Perhaps it's something in the water. For whatever reason, Australia has become the center of personalized sound – audio which customises itself to your hearing. The latest product of this nature to emerge from the land Down Under is a pair of over-ear headphones called the A-01s, from a company known as Audeara. In this review, we break down the sound, design, packaging and accessories, specs and more of the A-01 headphones. To see alternatives, check out our list of the best wireless headphones.
The idea behind the Audeara A-01 headphones is one we've seen before. You put them on and then use a dedicated app to perform a hearing test. We'll go into this in more detail below, but the idea is that, once the hearing test is complete, the headphones will be able to adjust their sound to compensate for any hearing loss you've had. Don't pretend you don't have hearing loss: if you're out of your teens, and have been exposed to loud noises even a few times, you won't have perfect hearing. We definitely don't.
The $250 A-01s claim to bring back the bits of the sound spectrum that you don't hear so well, essentially creating a personalized EQ to "optimize" the sound. If this sounds more medical than your average headphone tech, it's because it is. The A-01s were developed by two Brisbane-based doctors, James Fielding and Chris Jeffery, who wanted to make medical-grade audiograms available to those who were frustrated with the long waits in their country's public health system. That's all well and good, but as we explain below, a medical-grade audiogram is not necessarily what headphone users might be looking for.
Personalization and Hearing Test
Here's how it works. After connecting the A-01s via Bluetooth to your phone, you download the app and input your age. You then have a choice of three different hearing tests: standard, high detail, or ultimate precision. The more in-depth your test, the more segments of the sound spectrum are tested, and the result – in theory – will be better. You can read a little bit more about the process on Audeara's site.
The test involves listening to various tones, and adjusting the volume until you can no longer hear them clearly. It's very similar to the test that came with the Beyerdynamic Aventho Wireless (full review here). And that's not a compliment. One of the things we loathed most about the atrocious Aventhos was their dull hearing test. Fortunately, Audeara sidestep this by letting you choose how deep you want to go, and informing you of exactly how long each test will take. It's not especially fun, but it's relatively painless. At the end, what you will have – in theory – is a picture of your hearing, including the wonderful details of how bad it is, and how much of it has been lost. The headphones then make some adjustments, apply a filter to your music, and should theoretically deliver sound quality that makes your jaw drop, as the headphones give back what your ears have lost.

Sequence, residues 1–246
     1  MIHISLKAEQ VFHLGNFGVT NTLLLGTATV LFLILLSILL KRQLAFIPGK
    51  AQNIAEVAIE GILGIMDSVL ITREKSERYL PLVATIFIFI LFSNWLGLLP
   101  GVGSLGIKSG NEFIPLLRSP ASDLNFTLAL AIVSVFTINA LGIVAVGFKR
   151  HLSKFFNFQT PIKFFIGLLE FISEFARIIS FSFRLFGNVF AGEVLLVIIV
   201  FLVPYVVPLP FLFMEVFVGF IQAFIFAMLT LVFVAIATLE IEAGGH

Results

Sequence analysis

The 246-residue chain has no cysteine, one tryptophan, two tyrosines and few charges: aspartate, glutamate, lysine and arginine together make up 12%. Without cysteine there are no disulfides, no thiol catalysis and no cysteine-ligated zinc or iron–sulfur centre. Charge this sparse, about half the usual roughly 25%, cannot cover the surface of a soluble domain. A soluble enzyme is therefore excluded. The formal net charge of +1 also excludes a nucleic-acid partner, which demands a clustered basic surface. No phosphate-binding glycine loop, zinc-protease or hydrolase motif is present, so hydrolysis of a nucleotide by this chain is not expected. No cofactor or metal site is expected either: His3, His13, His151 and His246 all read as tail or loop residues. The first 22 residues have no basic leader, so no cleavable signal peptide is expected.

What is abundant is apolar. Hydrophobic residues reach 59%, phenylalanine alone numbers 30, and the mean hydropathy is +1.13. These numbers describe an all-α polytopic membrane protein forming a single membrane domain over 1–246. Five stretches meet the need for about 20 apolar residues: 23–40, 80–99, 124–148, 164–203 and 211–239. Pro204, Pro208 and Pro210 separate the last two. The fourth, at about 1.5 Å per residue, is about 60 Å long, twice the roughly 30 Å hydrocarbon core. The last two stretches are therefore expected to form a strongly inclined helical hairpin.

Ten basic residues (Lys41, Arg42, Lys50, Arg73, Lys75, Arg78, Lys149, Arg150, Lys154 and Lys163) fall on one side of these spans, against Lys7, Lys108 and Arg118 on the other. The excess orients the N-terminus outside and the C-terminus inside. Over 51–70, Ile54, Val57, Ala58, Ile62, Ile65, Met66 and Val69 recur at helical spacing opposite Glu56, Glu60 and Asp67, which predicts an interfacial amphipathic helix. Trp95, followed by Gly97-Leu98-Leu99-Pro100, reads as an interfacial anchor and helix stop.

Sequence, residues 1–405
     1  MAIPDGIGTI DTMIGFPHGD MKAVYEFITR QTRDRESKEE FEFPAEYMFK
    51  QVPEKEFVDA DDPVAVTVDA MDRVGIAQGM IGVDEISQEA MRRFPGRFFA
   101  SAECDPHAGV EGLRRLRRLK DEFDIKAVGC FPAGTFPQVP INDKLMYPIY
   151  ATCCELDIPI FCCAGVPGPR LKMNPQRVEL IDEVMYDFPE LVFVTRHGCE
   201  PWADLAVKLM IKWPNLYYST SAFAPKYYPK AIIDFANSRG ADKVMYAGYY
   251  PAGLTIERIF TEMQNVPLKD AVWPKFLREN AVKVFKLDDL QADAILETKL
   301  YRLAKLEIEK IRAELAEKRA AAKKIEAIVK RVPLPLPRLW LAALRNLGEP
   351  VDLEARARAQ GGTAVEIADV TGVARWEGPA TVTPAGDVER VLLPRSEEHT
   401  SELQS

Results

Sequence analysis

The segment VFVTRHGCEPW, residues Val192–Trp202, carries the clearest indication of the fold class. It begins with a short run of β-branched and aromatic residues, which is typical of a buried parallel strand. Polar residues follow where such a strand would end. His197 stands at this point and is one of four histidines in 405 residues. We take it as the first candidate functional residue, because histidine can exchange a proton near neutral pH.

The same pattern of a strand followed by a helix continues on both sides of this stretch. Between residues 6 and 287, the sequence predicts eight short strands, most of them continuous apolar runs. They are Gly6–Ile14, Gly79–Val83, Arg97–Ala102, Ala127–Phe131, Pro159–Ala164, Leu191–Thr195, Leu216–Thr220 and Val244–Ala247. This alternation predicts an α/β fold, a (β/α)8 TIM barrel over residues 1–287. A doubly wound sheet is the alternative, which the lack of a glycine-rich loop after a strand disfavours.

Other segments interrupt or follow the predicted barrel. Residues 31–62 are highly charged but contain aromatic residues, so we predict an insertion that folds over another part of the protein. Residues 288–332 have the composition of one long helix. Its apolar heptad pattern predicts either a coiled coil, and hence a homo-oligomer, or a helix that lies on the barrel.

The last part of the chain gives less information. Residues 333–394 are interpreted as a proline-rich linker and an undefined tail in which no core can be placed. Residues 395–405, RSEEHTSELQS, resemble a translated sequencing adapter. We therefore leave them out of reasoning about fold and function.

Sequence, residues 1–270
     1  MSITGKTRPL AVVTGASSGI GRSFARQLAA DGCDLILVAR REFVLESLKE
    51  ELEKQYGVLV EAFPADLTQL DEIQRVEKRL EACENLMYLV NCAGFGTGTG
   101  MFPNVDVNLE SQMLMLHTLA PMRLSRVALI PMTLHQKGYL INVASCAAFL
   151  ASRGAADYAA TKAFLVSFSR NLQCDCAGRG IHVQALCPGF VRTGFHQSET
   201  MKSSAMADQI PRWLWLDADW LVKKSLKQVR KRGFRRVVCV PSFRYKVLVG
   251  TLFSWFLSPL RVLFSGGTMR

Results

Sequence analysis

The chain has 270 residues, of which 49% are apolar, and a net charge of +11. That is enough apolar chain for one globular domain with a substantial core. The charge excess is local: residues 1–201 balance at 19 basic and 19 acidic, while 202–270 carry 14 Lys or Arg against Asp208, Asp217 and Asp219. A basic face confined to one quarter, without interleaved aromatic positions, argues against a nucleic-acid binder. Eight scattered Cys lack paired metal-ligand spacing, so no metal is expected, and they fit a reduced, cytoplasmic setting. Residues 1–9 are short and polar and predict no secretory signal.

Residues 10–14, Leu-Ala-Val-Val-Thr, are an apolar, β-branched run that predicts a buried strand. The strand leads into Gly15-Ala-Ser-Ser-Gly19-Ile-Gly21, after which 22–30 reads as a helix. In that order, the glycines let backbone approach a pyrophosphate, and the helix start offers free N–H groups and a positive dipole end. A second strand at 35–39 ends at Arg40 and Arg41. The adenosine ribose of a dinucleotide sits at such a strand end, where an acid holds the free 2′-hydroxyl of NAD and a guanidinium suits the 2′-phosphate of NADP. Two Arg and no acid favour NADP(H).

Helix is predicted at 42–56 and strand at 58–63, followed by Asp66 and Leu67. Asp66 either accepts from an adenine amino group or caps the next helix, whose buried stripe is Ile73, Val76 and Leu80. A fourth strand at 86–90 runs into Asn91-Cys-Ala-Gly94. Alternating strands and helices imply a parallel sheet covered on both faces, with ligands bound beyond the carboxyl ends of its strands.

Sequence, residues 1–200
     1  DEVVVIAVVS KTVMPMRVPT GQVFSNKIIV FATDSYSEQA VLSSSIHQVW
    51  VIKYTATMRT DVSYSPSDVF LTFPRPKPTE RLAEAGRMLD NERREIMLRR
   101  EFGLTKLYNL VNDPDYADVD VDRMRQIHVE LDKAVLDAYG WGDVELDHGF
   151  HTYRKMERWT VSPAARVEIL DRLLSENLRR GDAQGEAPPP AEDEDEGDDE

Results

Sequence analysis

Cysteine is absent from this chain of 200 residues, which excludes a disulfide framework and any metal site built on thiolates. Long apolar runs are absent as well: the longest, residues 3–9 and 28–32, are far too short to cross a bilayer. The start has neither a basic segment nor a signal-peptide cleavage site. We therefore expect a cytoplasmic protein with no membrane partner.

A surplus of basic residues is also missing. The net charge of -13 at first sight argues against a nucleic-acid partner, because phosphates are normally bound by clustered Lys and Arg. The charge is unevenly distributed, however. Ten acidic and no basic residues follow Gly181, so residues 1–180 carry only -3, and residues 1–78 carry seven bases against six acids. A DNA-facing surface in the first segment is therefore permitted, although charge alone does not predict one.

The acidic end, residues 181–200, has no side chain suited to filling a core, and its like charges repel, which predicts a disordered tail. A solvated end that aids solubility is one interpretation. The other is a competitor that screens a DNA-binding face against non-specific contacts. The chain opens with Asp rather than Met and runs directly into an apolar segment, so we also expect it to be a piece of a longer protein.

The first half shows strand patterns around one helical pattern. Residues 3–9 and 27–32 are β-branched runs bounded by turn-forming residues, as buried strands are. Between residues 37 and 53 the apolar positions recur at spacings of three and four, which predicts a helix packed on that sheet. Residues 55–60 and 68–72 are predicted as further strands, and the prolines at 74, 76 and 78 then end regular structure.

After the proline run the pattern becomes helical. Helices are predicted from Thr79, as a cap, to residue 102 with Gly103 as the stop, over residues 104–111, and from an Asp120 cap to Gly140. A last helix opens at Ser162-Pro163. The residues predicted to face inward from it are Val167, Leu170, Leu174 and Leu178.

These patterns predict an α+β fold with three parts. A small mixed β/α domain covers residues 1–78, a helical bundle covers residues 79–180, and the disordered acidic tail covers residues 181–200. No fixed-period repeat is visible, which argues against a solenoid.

That's not quite what we experienced. While we have no doubt that the hearing test performed as advertised, we just weren't that impressed with the end result in the sound. It was fine, in that it was very clearly emphasising frequencies that our ears had trouble picking up, but it also showed that the A-01s miss the point of being proper headphones. In absolutely spectacular fashion. Because the problem was, we didn't like the sound signature that came out of our hearing test. We didn't like it on first listen, and we didn't like it after many, many hours of further listening. It felt dry, unpleasantly harsh, and quite needling. It had brittle treble and lack of any real excitement in either the mids or bass. Friends and colleagues tested it, and felt much the same way. It didn't feel like a return to perfect audio so much as a stern teacher, wagging his finger and telling us that this was how the world was supposed to sound.
If you want a medical-grade audiogram, that's what you'll get. You can spend the $250 cost of an average audiogram on the A-01s, and you'll have a pair of headphones at the end of the process, not just a doctor's report. Although, the app does point out that the results from the Audeara test are not the same as an assessment by a hearing doc. But is that, really and truly, what people buy headphones for? We believe it isn't. People buy headphones to enjoy their music, and it's difficult to see anybody getting serious enjoyment out of the desert-dry sound signature presented by the A-01s.
We don't want to oversell this point. The Audeara A-01s perform as advertised. Hearing is important, and hearing tests are important, and God knows it's important to understand any hearing loss you have. But these aren't being marketed as a medical device. Though they may have medical elements, the tagline is "Listen Vibrantly". And our listening was not vibrant. There are several other headphones in our wireless listening rack, and we would pick almost any of them over the A-01s.
Stereo Spread and Soundstage